Item Droprate Is Lower and Less Predictable: On a base Mythic dungeon, each boss drops something, and you know that you have a chance at an item of your choice off a given boss, so if you get loot early in the dungeon off a prior boss, you might not be able to get the drop of your desire off the final boss. Mythic Plus end chests are based on the full dungeon loot tables, so instead of getting a shot per boss at an item, and being able to predict reasonably well if you’ll get a drop off the end boss based on if you got one earlier, you get one shot at the loot table of 3-5 bosses! Since there’s no loot lockout, you can go nuts and run every possible key of the dungeon that gives you the thing you want, even low ones since Valor upgrades can get you where you want to go, but everytime you’re still faced with anywhere from a 1/12 to 1/25 chance at the drop you want, assuming you even get picked to be graced with loot in the first place! Then, we have the Vault. The vault slots you unlock for Mythic Plus are based on the full loot table of all dungeons in the expansion, so your 1/12 chance at the healer trinket from Mists of Tirna Scithe is now a 1/60+ish chance at the same. It’ll be higher item level from the Vault should you get lucky and have it, so that’s kind of nice, but slightly higher than 1% drop chance at the Vault is…not great! Raiding maintains the consistency of loot drop rates and the Vault slots for raiding only drop items from bosses you’ve previously killed that tier, so if you have a weapon drop off the first 3 bosses, the first weeks of progression where you kill only those bosses each week means that your vault drop chance for that weapon is much higher, and even then, a full raid loot table is smaller. From Castle Nathria, I have 28 possible loot drops. At a full clear, each vault slot has a 1/28 chance of giving me the thing I want. Meanwhile, for me as a DH, there are 63 possible drops from all Mythic dungeons – more if I add both specs to the mix, but those odds are pretty bad and substantially lower. If I were a Druid working on all of my specs, that list would be larger for weapons and trinkets by a substantial amount, as it would be for a 3-spec Paladin or Monk who likewise wants to build sets for each spec and be capable of bringing what is needed.

In Guilds, Small Groups Can Reveal Cliques In Your Roster and Feel Bad: Pugging Mythic Plus isn’t all bad, and is actually easier for the most part compared to raid pugging, but most people will want to run with their guildies. There’s a problem that can manifest there if your roster has clear divisions of players, or is the byproduct of a merger, however – players can end of splitting into groups that don’t invite outside of their roster and create a sort of negative social vibe. In my guild, the product of a merger, we have an almost clear cut down the middle of Guild A and Guild B, where Mythic Plus groups tend to divide neatly down that line. The guild we merged with is generally more tryhard and likely to exclude players, while our original roster is generally more open but doesn’t push keystones as high. It means that while people talk about the “guild” working on Keystone Master achievements and the like, there is still a perception that it isn’t the whole guild but instead a group of players who often don’t cross-pollinate. This is something that has to be a leadership focus if you want to slap it down – our officers, myself included, have had to push a lot harder on getting people to play with each other and bring everyone up that is willing to try their best, but there is still some of that clique-ishness manifesting. One night, I watched a group of 3 of the guildies that merged with us debate about running a +15 without mentioning anyone from my original guild, before they finally, somewhat defeatedly, said “I guess we can just fail the timer and bring anyone” and so I went with them, and hey guess what – they fucked up the timer, not me! I ran another 15 with them last night, although a slightly different configuration, and I made a point of showing off my results and then, when they complimented, saying “I had to beat all of you in order for you to even consider bringing me to a +15 dungeon, so there you go!” They obviously didn’t like hearing that, but at the same time, fuck off with your cliques, folks! This is a social tension problem, the kind that MMOs excel at creating, and it is one that a guild or group of large numbers of players has to keep in mind, because it can make the environment suck. I had a certain amount of loathing towards my merged guildies because of their snobby elitist bullshit, and my solution was in-game – beat them down so thoroughly and then point out that if they never extend the chance to anyone outside their circle, they miss out on performances like that, but not every group will react the same or well to that and so if you’re a guild/community leader trying to keep a positive environment for people to learn and grow in, you have to get really good at sniffing that out and stomping on it.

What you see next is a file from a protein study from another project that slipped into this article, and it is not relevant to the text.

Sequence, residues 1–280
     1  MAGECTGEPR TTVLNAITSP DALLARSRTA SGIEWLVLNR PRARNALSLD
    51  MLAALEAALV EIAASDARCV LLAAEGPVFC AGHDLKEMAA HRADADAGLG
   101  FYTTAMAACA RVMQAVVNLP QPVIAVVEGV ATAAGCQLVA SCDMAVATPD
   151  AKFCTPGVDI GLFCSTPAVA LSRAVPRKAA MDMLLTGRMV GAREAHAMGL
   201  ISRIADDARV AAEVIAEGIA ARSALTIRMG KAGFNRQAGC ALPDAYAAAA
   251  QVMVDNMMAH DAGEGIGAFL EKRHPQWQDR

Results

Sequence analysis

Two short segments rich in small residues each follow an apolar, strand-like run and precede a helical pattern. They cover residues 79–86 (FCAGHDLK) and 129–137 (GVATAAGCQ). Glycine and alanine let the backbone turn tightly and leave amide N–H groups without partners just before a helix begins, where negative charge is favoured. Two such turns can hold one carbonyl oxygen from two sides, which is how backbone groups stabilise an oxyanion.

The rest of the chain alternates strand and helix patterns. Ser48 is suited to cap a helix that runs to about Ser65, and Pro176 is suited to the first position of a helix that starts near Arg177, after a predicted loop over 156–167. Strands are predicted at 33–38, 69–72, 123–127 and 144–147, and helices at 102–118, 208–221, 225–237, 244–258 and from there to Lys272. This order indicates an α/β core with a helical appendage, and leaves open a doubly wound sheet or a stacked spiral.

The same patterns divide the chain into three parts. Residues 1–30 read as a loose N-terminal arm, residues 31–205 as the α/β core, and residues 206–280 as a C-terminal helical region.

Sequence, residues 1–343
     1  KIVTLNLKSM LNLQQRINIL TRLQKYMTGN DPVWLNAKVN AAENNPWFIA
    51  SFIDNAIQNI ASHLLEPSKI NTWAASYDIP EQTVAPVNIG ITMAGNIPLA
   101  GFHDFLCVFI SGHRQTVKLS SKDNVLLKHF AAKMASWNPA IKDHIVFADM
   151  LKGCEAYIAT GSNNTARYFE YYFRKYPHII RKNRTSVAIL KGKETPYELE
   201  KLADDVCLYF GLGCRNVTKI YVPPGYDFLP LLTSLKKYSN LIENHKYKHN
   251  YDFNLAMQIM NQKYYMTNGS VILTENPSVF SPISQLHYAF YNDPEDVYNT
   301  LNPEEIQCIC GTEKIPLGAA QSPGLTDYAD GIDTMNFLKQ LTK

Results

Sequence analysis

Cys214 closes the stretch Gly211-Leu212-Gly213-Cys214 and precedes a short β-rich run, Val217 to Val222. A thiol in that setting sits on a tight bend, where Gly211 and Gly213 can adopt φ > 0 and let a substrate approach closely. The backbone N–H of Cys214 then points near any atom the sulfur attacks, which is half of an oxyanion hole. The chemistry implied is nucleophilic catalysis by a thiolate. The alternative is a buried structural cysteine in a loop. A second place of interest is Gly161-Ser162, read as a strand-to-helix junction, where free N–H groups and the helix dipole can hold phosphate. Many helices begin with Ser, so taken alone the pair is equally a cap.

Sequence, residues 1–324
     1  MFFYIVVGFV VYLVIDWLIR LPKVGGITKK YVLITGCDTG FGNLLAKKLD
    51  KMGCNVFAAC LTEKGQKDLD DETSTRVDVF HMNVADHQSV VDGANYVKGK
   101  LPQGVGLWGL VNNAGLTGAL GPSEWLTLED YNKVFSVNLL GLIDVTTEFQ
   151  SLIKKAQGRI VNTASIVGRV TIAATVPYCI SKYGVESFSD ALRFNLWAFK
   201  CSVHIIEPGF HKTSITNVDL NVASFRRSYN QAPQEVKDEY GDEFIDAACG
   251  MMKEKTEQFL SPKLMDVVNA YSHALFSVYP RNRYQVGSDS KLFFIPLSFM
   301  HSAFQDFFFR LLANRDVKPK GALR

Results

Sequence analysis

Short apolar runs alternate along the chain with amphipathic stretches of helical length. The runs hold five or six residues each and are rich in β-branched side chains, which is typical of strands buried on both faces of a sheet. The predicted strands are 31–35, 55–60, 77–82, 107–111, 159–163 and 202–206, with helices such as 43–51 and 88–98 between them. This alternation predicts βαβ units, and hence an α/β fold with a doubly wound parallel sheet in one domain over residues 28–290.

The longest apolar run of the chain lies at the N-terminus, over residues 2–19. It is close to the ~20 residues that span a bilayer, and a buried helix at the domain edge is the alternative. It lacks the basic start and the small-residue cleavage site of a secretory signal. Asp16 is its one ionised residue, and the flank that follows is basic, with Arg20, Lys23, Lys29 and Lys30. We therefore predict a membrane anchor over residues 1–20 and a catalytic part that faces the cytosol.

(This same thing happened to my team’s raid lead, who was in the other guild pre-merger, which was funny because he stormed off on a break when his old guildies didn’t invite him for runs, despite the fact that he was often included without asking when several more of us were never in the running for an invite even though we could outperform, so oops. The hypocrisy!)

You Might Not Want To Play With Your Friends, Depending On How Well They Play: My longest-term friends are, unfortunately, kind of not great at Mythic Plus, and that sucks. Two of my friends play tanks and often don’t respond well to rapid adjustments in positioning and needs to kite, skills they can learn, but it means doing runs with them tanking right now can result in scuffed keys and hurt feelings. One of them is open to feedback and coaching and generally responds well to it, but the other…certainly doesn’t! Then, our fearless guild leader. He’s a clicker/keyboard mover, and while we often rib him about it in jest, in the environment of Mythic Plus, it makes him too slow to adjust and respond and makes him a liability on medium-high keys. Any 10+ dungeon I’ve done with him has been a failed timer, and a part of it is that he doesn’t move out of one-shots fast enough, or will drop high damage AoEs on the melee cluster because he’s too busy doing his own damage to notice that he’s making the healer work 4x as hard. Doing the second boss of Sanguine Depths with him is pure torture, and I’ve never timed any level Sanguine Depths with him in the group. I still play with my friends, because I try and generally succeed at not being an elitist prick (in my perception) but it’s sometimes quite hard. Last week, the full group of us with rotating other players resulted in my key of the week being dropped from a +14 to a +11, triple scuffed, along with thousands of gold in repairs and some excessively long dungeons, like a near 70 minute Sanguine Depths.